In a previous post, we introduced a library for performing arithmetic operations with arbitrary precision, and in this update we optimized the multiplication algorithm using the Fast Fourier Transform factorization.
In this post, using the FFT-based multiplication algorithm as the cornerstone of our library, we will optimize the division algorithm and introduce some other methods for computing square and quartic roots. In a previous example, we succeeded to compute the largest known prime number working with integer arithmetic; with the new ingredients, we will be able to compute some other interesting things, such as millions of decimals of Pi or other irrational numbers using convergent series.
A new division algorithm
We have already optimized the multiplication method, moving from a time complexity algorithm to a one. But the division is still computed with a long division algorithm, with a time complexity of . We will try to find a faster algorithm using the Newton Raphson method to converge to the solution.
The problem is: having the numbers and , we want to compute the quotient . The following function has a zero at the desired quotient:
Applying the Newton-Raphson method to it, starting with an initial guess , we can compute a sequence that converges quadratically to in the following way
Turns out that we didn’t make any progress yet, as long as we still need to compute a division with the same divisor . But, conceiving the division as a multiplication by the inverse , and being that inverse a zero of the following trivial function:
we can build a series that converges quadratically to
Thus, we only need multiplications and subtractions to compute every element of the sequence. Once we have converged to the inverse, , we only need to estimate the division as
A quadratic convergence means that the amount of found figures should double from one iteration to the next one.
A n-root algorithm
In a similar way, we can build a sequence converging to the square root of a given number, which is a root of the following function
Or, if we want to avoid computing the division in each iteration, we can build a sequence converging to the inverse of the square root, being such number a zero of the function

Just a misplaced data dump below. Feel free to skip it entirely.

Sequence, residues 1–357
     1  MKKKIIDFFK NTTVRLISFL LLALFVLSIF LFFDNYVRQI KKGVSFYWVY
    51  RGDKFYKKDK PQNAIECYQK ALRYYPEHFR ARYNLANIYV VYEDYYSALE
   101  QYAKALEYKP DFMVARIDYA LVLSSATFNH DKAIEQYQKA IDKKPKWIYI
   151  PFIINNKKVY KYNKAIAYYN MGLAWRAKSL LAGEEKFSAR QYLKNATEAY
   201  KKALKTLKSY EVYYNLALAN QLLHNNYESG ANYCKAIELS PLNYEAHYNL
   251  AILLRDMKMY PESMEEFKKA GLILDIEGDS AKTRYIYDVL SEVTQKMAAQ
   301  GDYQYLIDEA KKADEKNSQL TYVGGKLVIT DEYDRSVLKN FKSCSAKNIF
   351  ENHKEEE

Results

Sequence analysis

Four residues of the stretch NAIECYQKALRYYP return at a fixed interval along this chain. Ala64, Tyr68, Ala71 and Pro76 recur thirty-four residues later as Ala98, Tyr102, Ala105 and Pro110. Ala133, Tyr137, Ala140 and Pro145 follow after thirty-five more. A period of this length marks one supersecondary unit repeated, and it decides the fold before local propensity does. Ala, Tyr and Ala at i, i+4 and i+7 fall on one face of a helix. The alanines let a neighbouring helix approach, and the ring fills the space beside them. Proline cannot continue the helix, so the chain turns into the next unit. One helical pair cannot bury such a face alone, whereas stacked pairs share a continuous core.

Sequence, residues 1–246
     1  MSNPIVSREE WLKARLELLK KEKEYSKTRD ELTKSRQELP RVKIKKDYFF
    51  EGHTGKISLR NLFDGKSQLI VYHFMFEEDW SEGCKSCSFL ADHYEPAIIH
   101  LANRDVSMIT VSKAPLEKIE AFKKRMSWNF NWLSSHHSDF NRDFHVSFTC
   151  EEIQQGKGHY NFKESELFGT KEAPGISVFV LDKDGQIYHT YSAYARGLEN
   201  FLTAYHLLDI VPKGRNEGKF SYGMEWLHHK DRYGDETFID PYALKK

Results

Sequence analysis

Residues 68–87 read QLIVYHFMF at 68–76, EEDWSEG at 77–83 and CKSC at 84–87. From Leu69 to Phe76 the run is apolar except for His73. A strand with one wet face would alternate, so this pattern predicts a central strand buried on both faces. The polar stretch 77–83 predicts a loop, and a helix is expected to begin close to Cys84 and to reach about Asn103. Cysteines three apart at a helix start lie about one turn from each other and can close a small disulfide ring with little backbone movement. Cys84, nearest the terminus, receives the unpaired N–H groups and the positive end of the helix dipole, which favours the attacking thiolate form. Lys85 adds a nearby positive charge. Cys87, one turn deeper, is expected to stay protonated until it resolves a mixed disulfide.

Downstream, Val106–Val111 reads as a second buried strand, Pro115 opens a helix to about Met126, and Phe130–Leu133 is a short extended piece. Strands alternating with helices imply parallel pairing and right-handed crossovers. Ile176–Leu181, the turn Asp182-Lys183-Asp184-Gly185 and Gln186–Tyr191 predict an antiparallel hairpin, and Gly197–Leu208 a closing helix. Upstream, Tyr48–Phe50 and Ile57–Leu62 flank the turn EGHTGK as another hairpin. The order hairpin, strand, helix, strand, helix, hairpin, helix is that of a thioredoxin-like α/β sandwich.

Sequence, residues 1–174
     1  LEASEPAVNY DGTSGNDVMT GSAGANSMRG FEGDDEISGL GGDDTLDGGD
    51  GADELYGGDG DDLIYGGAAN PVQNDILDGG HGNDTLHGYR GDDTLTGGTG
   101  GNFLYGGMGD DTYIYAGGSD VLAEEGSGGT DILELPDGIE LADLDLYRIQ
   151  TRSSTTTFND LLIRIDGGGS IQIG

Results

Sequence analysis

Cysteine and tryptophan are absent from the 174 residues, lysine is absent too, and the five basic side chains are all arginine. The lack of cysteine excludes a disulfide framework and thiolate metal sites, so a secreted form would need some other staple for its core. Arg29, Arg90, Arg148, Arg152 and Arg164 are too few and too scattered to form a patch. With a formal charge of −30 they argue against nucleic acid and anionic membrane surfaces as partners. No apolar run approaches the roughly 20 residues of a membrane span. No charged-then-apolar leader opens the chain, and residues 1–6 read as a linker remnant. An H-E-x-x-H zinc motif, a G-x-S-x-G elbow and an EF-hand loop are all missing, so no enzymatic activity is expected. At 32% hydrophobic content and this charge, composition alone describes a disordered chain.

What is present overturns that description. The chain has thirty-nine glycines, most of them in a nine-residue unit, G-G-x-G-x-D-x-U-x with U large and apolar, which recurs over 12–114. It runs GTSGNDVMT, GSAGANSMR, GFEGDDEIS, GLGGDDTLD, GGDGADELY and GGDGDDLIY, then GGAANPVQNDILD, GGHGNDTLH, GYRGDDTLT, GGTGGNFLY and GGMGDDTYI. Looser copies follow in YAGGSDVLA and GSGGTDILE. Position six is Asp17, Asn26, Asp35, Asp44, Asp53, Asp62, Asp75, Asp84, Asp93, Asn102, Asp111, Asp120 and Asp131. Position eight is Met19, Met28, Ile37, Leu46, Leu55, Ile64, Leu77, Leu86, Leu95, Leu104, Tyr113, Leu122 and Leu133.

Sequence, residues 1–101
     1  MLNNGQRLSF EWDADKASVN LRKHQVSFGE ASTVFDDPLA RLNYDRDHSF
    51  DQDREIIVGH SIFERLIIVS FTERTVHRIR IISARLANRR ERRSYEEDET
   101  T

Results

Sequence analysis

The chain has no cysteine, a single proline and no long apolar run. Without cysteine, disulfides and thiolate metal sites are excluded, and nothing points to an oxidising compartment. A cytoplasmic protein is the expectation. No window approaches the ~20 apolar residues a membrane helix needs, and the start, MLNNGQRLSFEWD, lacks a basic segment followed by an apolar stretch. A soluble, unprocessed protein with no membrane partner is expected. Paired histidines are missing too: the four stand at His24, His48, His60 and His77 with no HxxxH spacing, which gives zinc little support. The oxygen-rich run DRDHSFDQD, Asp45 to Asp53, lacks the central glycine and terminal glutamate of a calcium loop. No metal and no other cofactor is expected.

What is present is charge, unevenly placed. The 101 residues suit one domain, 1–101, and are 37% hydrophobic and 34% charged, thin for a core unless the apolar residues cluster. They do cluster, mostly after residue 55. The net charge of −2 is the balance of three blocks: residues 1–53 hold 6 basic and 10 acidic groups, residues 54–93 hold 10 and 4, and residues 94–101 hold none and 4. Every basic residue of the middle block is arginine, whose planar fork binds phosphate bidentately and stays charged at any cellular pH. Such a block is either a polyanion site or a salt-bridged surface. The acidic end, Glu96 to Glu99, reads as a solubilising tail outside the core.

Voilà, we only need multiplications and additions/subtractions in each iteration, and the solution will converge quadratically to . We can even compute the desired value at the end without having to invert the solution, only multiplying by
This method can be generalized for computing (the two previous examples correspond to and ):
Once we have the final solution , we can compute the n-root without inverting the solution, by means of
The implementation in the project page adds the new features to the previous version:
- Inverse computation (file div.cc).
- Division algorithm using the inverse method (file div.cc). The long division algorithm was already implemented.
- Square and quartic roots (n-root not implemented) using the direct methods or the more efficient inverse ones (file sqrt.cc).
You will find more information about how to switch the algorithms in the README file.
The graphic below shows a scalability comparison of the methods implemented in the library. Notice the scalability problems of Long Division and Long Multiplication algorithms (the latest takes 10,000 times longer than the FFT multiplication algorithm to compute 1 million figures). The Newton inverse algorithm and its related algorithms (inverse division, square root and quartic root), perform well enough for our purposes (much better than the non inverse versions). The non inverse square and quartic root algorithms are based on an inverse division algorithm (they would perform much worse if based on a long division algorithm). There are many possible optimizations, but they are beyond the scope of this post.
Some other important issues we didn’t tackle yet:
- Initial guesses for the iterative methods: check the methods BigNumber::fromDouble(double, int) and toDouble(double&, int&) and their usage for computing an initial guess, i.e. for a multiplicative inverse.
- Concergence criterions: a typical stop criterion with a convergent sequence would be when and are very close each other, , and that means that all (or almost all) of their digits match up. Check the source code again for further detail.
- Rounding errors: using algorithms that converge to multiplicative inverses can yield rounding errors when working with finite arithmetic. These errors can be overcome, but no solution has been implemented in the code nor discussed in this post. As a clue for example for the division algorithm, once we get the approximate quotient using the inverse approach, we can compute a new quotient (where is the first remainder), and estimate the final quotient as . The second division can be performed with a more accurate long division algorithm (not taking too long provided a small remainder).
I always wanted to write my own program for computing millions of decimals of Pi, and now we have all the ingredients to do it by using for instance a 4th order Borwein’s algorithm (disclaimer: this is just an application of this general purpose library, not a specially optimized way to compute Pi decimals). Let us start with the following values
and then construct the sequences and
the sequence converges with quartic order to . You can get this result in about 20 minutes with a normal computer (~2.4 GHz CPU) when trying to compute PI with 1,038,090 decimals (the last 7 decimals are wrong due to rounding errors, and the total amount of figures involved in computations is 220 = 1,048,576). Find the implementation in file pi.cc.